Age of Empires Online is the new free-to-play, persistent online real-time strategy game that just launched today, and it has a rich real-time strategy heritage. You've hopefully heard of the Age of Empires series--a group of RTS games that combined world history with resource management and horseman rushes that won all our hearts, until publisher Microsoft shut down its developer, Ensemble Studios, in 2008. From the ashes of Ensemble rose Robot Entertainment, a small, independent studio that established and built the initial versions of what we now know as Age of Empires Online before passing the game off to Gas Powered Games, the Seattle-based studio responsible for the Supreme Commander series. Now, Gas Powered is acting as a full-on development studio for Age of Empires Online, while Microsoft plays the role of the publisher, and will provide customer support for the game now that it has launched.
Age of Empires Online lets you choose to play as one of several different ancient civilizations, such as the Greeks or the Egyptians, and build up a persistent estate (which functions in a manner similar to player housing in other massively multiplayer games). You can build up your estate with various improvements you'll earn through playing, as well as with cosmetic enhancements (such as statues of Greek gods) which you can purchase from the in-game store. Yes, like pretty much all other free-to-play online games, Age of Empires Online will have a microtransaction-based cash-op store where you can buy optional in-game content, such as additional adventure boosters for $5 or additional "premium" playable civilizations for $20. However, the vast majority of the game's content is being made available free of charge, including its many, many quests, the majority of which can be performed either alone or with a friend.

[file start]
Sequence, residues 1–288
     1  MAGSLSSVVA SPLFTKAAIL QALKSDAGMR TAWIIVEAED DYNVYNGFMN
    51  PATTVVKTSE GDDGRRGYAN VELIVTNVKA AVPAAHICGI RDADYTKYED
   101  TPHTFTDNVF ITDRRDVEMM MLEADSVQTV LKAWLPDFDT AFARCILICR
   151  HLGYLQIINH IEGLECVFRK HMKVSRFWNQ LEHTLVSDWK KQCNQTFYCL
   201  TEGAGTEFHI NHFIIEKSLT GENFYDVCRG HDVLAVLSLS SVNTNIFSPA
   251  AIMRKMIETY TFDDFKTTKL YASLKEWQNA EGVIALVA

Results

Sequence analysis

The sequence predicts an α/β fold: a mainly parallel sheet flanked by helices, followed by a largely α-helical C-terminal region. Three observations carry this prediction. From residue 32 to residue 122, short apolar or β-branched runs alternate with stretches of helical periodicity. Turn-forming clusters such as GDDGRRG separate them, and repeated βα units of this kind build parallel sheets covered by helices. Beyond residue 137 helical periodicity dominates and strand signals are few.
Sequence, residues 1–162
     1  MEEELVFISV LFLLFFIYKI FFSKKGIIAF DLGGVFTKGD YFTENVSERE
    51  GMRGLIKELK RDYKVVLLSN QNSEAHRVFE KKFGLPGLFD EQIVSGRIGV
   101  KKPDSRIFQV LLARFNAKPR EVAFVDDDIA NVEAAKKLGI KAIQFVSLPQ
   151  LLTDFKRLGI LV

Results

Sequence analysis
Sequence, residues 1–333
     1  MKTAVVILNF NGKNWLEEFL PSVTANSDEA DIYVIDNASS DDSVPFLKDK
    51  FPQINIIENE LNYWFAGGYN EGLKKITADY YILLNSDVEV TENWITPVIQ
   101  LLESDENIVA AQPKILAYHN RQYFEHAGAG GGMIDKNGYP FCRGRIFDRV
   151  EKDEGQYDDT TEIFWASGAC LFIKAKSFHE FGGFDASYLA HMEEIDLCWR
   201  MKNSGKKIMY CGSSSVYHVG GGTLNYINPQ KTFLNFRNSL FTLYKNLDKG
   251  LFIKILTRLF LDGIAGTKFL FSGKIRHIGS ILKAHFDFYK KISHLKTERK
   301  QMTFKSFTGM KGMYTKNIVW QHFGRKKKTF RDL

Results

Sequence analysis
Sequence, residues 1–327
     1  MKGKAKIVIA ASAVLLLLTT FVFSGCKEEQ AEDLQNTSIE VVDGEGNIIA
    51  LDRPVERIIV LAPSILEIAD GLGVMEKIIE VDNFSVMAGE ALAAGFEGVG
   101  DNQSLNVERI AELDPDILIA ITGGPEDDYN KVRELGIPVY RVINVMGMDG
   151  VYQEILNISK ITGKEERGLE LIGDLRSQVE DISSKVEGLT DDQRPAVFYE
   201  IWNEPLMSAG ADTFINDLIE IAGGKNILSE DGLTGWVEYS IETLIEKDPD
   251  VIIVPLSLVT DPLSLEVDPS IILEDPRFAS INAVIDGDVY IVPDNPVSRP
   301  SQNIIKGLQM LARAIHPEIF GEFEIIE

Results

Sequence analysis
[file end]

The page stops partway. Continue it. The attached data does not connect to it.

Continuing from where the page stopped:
We briefly took the game for a spin by taking on a simple cooperative mission as the Greeks to destroy an enemy monument located at a far corner of the map. The mission worked a whole lot like what you'd expect from an Age of Empires strategy game--we started off with a small stronghold with several prebuilt structures such as a barracks and an archery range, and with a handful of villagers whom we sent to harvest food, wood, and gold so that we could build up additional buildings to create artillery units like ballistae and catapults. Since we were playing a press demo, our nation was already fairly advanced along its technology tree and ready to "age up" to era III--a classic game mechanic from the Age of Empires series that signifies that you've researched enough new improvements to reach the next tier of technology (and with it, its many improvements). We found ourselves quickly and easily selecting our premade hoplites, archers, and cavalry and driving off small invasion skirmishes with the help of a second player--a representative from Microsoft playing as Egypt who helpfully watched our flank while we poked blindly at the keyboard, gradually remembering our old hotkeys.
As you might expect from a mission like this, it wasn't enough for us to take the tiny starting battalions under our control to conquer the mission, so we churned out as many additional units (along with heavy-duty ballistae) as we possibly could while our partner also aged up to recruit siege towers. With both siege towers and ballistae, and a throng of infantry and cavalry supported by Egyptian priest units (which heal nearby injured allies), we gradually rolled our way northward, picking off small pockets of resistance until we found the enemy monument, guarded by arrow towers and various enemy units. Since we were grossly overprepared for the conflict, we managed to squash our enemies flat, especially since the game appears to have an intuitive rock-paper-scissors balance between unit types. (That's a fancy way of saying that ballistae eat arrow towers for lunch.)
Age of Empires Online has officially launched and is now playable for a sweetheart price of free (plus microtransactions for additional content boosters and civilizations).